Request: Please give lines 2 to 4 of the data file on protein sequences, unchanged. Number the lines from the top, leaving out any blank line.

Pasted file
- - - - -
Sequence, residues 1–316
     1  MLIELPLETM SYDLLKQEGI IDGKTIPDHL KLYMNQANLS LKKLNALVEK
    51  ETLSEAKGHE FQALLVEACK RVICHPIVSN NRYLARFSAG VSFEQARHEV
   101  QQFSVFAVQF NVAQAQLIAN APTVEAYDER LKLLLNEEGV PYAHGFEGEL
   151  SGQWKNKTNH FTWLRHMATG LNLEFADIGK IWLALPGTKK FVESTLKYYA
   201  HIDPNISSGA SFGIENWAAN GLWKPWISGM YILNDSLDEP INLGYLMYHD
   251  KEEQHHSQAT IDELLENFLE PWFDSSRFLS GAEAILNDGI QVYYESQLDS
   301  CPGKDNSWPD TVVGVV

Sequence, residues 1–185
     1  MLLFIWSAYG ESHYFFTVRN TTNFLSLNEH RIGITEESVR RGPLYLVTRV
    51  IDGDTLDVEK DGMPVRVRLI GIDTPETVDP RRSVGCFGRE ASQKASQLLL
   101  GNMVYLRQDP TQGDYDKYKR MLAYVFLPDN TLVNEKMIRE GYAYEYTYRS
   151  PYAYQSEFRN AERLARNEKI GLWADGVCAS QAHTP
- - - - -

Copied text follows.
     1  MLIELPLETM SYDLLKQEGI IDGKTIPDHL KLYMNQANLS LKKLNALVEK
    51  ETLSEAKGHE FQALLVEACK RVICHPIVSN NRYLARFSAG VSFEQARHEV
   101  QQFSVFAVQF NVAQAQLIAN APTVEAYDER LKLLLNEEGV PYAHGFEGEL